WASHINGTON — Eight teenage boys, neatly attired in jackets and ties in a chilly breeze on the West Front of the U.S. Capitol, were softly rehearsing their lines.

Marquette University students and staff were among 1,200 participants from Jesuit institutions around the country visiting Capitol Hill, Nov. 7 to 9 as part of the Ignatian Family Teach-In for Justice in Washington D.C.Some were immigrants from Mexico and Central America. Others were born in the United States, but their parents entered this country illegally. All are receiving an education at Marquette University High School in Milwaukee.

Their presentations to members of Wisconsin’s congressional delegation – usually to legislative assistants – mentioned their mothers, admiration of their parents’ courage and the importance of dealing with their situations face to face, not as statistics.

“They’ve been effective so far,” said Dan Miller, a Spanish teacher who accompanied them Nov. 9 as part of the Ignatian Solidarity Network’s Advocacy Day, which ended the group’s weekend conference. Founded in 2004, the network is led by laity and works on social justice issues such as immigration reform with Jesuit colleges, high schools and parishes.

More than 1,200 students and young adults from around the country registered for the network’s 18th Ignatian Family Teach-In for Justice Nov. 7-9.

Last year, the high schoolers met with U.S. Sen. Ron Johnson, R-Wisconsin, who is about to release his own report on border security. The senator recently announced: “Let’s end some of these incentives – things like Deferred Action Childhood Arrivals. That’s incentivized these children from Central America to come into America because basically if they get here, they are staying.”

In an interview Nov. 3 after his return from a trip to Central America, he told a FOX-TV affiliate the high demand for drugs in the U.S. is one reason the U.S. Mexico border is “unsecured,” as he put it.

Miller told Catholic News Service that last year, “the kids were terrified to just walk into Johnson’s office, since he’s a hard-liner about sealing the border. It was difficult to have him listen to our opinions. But then they just went in and spilled their guts, and said things like, ‘I’m working really hard, and am getting a good education, but my opportunities are really going to be limited.’”

“It puts a lump in your throat to see them do that,” he added.Members of the Marquette University delegation pose for a photo outside House Speaker Paul Ryan’s office in Washington DC. They were advocating for comprehensive immigration reform. (Submitted photos courtesy Julia Hilbert)

The group hoped for a friendly response this year from Rep. Reid Ribble, another Wisconsin Republican, who sponsored a bill recently passed by the House to combat human trafficking.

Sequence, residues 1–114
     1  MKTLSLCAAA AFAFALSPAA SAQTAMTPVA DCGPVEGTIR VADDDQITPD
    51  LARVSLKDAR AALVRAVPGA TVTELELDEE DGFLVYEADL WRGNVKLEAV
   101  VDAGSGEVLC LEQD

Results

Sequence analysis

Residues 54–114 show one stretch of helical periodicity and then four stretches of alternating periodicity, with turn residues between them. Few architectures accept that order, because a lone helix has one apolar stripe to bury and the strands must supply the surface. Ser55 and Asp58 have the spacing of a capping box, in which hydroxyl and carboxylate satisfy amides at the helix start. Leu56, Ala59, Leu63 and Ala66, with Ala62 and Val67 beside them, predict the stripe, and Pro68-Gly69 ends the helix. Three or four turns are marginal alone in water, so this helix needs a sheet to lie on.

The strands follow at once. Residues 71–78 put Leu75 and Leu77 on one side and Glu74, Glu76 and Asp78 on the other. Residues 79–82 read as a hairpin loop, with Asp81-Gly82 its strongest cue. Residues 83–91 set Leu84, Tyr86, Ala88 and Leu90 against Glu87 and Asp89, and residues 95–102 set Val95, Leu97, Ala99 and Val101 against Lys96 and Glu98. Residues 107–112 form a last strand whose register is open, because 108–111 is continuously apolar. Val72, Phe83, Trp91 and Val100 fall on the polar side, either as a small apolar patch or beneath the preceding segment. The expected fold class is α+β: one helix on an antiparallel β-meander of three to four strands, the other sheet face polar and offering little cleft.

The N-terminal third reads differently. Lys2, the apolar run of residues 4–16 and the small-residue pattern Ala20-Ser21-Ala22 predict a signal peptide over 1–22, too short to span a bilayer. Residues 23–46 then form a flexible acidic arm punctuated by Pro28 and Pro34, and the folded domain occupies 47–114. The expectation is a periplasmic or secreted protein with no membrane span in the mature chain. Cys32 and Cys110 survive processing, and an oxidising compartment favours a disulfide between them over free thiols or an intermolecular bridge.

“Good government protects the defenseless,” Ribble said in a statement.

On Nov. 6, the boys met with Sen. Tammy Baldwin, a Wisconsin Democrat, who warned them that congressional action on immigration is “too touchy at the moment,” Miller recalled.

A delegation of Marquette University students was aggressive in confronting Kate Donnell, a legislative aide to House Speaker Paul Ryan.

Last week, Ryan wrote in USA Today that the House “will not vote on comprehensive immigration legislation as long as President (Barack) Obama is in office. And the reason is simple: The American people can’t trust him to uphold the law.”

They said Donnell was defensive, telling them, “That doesn’t mean we’re not working on it. It means it won’t be brought to the floor on a vote.”

“Which is extremely frustrating,” said Lindsay Caruso, since not long ago, Ryan said he favored “earned legalization” as a path to citizenship. “He negates his original morals for this political gain.”

Julia Hilbert, a member of St. Dominic Parish, Brookfield, expressed her argument in faith terms, telling Donnell that as a pro-life Catholic, she “was not respecting the human dignity” of those who come to the United States seeking to improve their lives.

Mauricio Porras is American-born but his parents returned to Ciudad Juarez, the Mexican city that was long a center for drug cartel murders. He’s hoping to find a way to bring his parents to the U.S., but finds the effort frustrating.

“Even though my story’s out there, politicians are not going for it,” he told CNS. “They just want to hold back on the issues.”

The largest single group among the 1,200 visiting Capitol Hill numbered 50, from Walsh Jesuit High School in Cuyahoga Falls, Ohio. That was enough to split up to visit Republican Sen. Rob Portman and Reps. Marcia Fudge and Tim Ryan, both Democrats, on topics including climate change and human rights in Central America.

Campus minister Lauren Fraser, who has brought groups to three previous advocacy weekends, thinks the enthusiasm generated by students caught on. “Students listen so much better to other students than adults.”

Sydney Wolk, a senior who had attended last year, was one of those.

“I really hope they hear our personal stories, our Ignatian values and are impressed that we care about what they do on Capitol Hill,” she said.

Adding, in the manner of an experienced lobbyist, “and that we know we can vote and they can do what we’re asking them to do.”